The first sign of spring in Yellowstone National Park is not a flower or a bird singing, but the sighting of the first grizzly bear to emerge from hibernation.
This is the second year that wildlife biologists have spotted the first grizzly on March 7. Apparently, that is the first day of spring to male grizzlies.
This year the 300-pound bear was spotted near a bison carcass in Pelican Valley. Park officials shared, “Male grizzlies come out of hibernation in early March. Females with cubs emerge in April and early May. When bears emerge from hibernation, they look for food and often feed on elk and bison that died over the winter. Sometimes, bears will react aggressively to encounters with people when feeding on carcasses.”
An estimated 150 grizzlies and over 500 black bears live in Yellowstone National Park. The entire park is considered bear country and visitors should carry bear spray and follow the bear safety guidelines provided by the park rangers.
While bear attacks are rare (roughly one a year), visitors are urged to stay alert and keep at least 100 yards away from all bears.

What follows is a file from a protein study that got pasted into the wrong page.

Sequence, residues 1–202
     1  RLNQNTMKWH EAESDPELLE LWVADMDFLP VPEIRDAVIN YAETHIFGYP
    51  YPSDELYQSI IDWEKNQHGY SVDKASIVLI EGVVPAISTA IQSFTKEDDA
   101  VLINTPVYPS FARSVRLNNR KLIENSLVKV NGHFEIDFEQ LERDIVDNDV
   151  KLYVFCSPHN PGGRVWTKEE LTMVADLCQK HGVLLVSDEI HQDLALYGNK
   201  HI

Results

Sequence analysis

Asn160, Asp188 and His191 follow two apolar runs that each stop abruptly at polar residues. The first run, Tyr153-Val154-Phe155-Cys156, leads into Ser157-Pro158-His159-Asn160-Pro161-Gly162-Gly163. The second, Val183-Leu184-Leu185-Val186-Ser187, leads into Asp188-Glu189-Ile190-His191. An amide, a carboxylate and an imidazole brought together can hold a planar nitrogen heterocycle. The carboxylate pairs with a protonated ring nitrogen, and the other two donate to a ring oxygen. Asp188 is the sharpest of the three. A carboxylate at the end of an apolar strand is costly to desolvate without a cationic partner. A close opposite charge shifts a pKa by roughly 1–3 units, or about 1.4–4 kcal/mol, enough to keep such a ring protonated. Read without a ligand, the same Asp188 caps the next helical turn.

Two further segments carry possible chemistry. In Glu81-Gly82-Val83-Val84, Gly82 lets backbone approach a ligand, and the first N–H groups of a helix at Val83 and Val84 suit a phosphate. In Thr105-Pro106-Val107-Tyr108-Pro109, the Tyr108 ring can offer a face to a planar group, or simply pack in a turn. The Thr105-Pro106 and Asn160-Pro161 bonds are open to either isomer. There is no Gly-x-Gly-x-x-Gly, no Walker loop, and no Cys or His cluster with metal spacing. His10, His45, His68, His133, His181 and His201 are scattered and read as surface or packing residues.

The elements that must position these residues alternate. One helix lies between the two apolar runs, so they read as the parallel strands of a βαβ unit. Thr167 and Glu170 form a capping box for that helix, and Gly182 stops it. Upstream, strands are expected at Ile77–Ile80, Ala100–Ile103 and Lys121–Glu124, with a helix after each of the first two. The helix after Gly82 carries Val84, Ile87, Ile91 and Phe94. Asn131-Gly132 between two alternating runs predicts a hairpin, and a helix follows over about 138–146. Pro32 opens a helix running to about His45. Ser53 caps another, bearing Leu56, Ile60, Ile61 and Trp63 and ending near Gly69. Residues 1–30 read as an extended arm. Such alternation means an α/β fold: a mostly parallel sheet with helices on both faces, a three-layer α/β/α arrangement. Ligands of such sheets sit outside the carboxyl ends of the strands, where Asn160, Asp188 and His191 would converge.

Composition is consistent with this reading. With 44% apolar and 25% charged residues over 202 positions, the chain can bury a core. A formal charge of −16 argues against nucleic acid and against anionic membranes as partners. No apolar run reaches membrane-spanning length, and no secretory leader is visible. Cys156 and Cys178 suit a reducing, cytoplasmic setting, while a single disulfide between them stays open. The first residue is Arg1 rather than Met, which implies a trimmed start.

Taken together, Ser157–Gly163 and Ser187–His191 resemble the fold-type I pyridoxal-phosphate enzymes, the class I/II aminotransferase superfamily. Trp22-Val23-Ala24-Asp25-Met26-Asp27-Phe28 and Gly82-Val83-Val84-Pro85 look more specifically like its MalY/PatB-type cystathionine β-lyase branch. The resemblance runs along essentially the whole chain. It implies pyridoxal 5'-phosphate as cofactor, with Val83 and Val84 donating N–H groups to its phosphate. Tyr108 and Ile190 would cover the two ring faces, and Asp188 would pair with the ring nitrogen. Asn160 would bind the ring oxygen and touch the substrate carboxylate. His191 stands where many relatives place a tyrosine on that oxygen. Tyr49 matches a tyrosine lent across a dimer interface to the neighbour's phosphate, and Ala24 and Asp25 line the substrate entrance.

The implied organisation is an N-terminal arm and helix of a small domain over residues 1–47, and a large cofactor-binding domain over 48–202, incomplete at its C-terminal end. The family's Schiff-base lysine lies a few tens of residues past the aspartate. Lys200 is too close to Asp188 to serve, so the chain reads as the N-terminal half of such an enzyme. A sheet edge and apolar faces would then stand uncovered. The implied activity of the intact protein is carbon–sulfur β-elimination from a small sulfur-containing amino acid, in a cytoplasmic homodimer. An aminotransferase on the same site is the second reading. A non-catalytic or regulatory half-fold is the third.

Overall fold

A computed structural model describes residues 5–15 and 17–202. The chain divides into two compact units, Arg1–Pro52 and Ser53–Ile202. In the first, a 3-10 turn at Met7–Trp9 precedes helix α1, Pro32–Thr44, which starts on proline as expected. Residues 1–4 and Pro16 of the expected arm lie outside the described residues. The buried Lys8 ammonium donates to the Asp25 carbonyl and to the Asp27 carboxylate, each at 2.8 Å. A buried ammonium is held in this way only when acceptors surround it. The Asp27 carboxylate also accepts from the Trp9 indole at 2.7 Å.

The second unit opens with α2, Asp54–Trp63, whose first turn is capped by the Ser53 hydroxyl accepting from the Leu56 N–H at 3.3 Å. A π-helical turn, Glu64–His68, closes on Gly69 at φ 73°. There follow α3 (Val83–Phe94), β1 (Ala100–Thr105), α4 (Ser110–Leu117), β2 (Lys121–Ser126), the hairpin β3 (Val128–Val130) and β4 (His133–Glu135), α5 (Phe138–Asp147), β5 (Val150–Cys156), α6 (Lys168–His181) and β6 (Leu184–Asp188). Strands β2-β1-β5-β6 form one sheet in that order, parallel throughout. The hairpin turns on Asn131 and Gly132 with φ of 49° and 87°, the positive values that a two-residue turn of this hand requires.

The “A Bear Doesn’t Care” campaign, featuring familiar faces like Jeff Bridges, hopes to encourage everyone to carry bear spray. According to the park, only 28% of visitors carry bear spray which may save your life.
Bear spray is non-lethal and a highly effective deterrent at stopping aggressive bear behavior.
“Yellowstone visitors care deeply about preserving bears and observing them in the wild,” states Kerry Gunther, Yellowstone’s Bear Management Specialist. “Carrying bear spray is the best way for visitors to participate in bear conservation because reducing potential conflicts protects both people and bears.”
Gunther goes on to warn spring visitors to be on the lookout for hungry bears as they emerge from hibernation.
“Spring visitors skiing, snowshoeing, or hiking in Yellowstone National Park are reminded to carry bear spray and be especially alert for bears near carcasses and areas with early spring green-up. These are the first foods sought out by grizzlies after emerging from hibernations.”
This article by Andrea Powell was first published by The Animal Rescue Site. Lead Image: A three year old grizzly bear looks for food after emerging from its den along the East Road in Yellowstone Park. (William Campbell/Corbis via Getty Images).
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